18-Feb-2020 - Albert-Ludwigs-Universität Freiburg

Electrons in rapid motion

Researchers observe quantum interferences in real-time using a new extreme ultra-violet light spectroscopy technique

A team headed by Prof. Dr. Frank Stienkemeier and Dr. Lukas Bruder from the Institute of Physics at the University of Freiburg has succeeded in observing in real-time ultrafast quantum interferences — in other words the oscillation patterns — of electrons which are found in the atomic shells of rare gas atoms. They managed to observe oscillations with a period of about 150 attoseconds — an attosecond is a billionth of a billionth of a second. To this end, the scientists excited rare gas atoms with specially prepared laser pulses. Then they tracked the response of the atoms with a new measurement technique that enabled them to study quantum mechanical effects in atoms and molecules at extremely high time resolution.

Numerous chemical reactions, such as the breaking of bonds in molecules, are triggered by the absorption of light. In the first instant after the absorption, the distribution of the electrons in the atomic shell changes, significantly influencing the subsequent course of the reaction. This alteration happens extremely quickly; the timescales reach into the attosecond range. Previously-used spectroscopic technologies, which use visible laser pulses, are not fast enough to track such processes. So researchers around the world are currently developing innovative laser sources and adequate spectroscopic technologies in the ultra-violet and X-ray ranges.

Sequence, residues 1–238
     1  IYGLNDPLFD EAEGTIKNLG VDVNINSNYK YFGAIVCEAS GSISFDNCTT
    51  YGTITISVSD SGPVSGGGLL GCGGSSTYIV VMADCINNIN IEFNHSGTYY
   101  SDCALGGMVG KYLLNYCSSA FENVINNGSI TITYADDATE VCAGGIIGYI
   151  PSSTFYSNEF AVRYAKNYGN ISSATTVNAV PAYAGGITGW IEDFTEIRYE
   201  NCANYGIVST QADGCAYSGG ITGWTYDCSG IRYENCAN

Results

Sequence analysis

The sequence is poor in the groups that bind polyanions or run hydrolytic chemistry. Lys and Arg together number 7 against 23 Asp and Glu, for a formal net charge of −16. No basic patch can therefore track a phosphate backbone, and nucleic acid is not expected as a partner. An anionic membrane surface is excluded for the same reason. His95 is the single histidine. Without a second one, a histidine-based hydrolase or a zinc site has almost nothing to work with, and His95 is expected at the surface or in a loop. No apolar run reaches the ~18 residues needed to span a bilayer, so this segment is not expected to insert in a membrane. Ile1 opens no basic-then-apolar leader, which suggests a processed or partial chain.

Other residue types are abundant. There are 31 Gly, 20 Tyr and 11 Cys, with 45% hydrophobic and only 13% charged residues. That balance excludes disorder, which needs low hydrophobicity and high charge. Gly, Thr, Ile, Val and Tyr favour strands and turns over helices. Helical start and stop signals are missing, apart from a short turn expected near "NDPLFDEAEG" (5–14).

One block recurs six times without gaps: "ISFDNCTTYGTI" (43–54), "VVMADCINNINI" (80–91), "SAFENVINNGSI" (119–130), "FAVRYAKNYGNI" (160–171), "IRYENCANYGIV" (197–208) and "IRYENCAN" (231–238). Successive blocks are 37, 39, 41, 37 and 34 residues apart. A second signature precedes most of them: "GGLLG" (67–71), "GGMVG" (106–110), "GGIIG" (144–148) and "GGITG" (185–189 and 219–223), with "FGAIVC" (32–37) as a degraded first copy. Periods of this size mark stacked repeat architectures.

Stienkemeier’s team has extended a technology known from the visible spectrum range, coherent pump-probe spectroscopy, into the ultra-violet range. This is the spectral range between X-ray radiation and ultra-violet light. To do this, the scientists prepared a sequence of two ultra-short laser pulses in the extreme ultra-violet range at the FERMI free electron laser in Trieste, Italy. The pulses were separated by a precisely-defined time interval and had a precisely-defined phase relationship to one another. The first pulse starts the process in the electron shell  (pump-process). The second pulse probes  the status of the electron shell at a later point (probe-process). By altering the time interval and the phase relationship, the researchers could reach conclusions on the temporal development in the electron shell. “The greatest challenge was to achieve precise control over the pulse properties and to isolate the weak signals,” explains Andreas Wituschek, who was in charge of the experimental procedure.

The Freiburg physicists studied the rare gas argon, amongst others. In argon the pump-pulse causes a special configuration of two electrons within the atomic shell: this configuration disintegrates, with one electron leaving the atom in a very short time and the atom finally remaining behind as an ion. The researchers succeeded for the first time in observing the immediate temporal decay of the quantum interference, as one electron left the atom. “This experiment paves the way for many new applications in the study of atomic and molecular processes after selective stimulation with high-energy radiation in the extreme ultra-violet range,” says Bruder.

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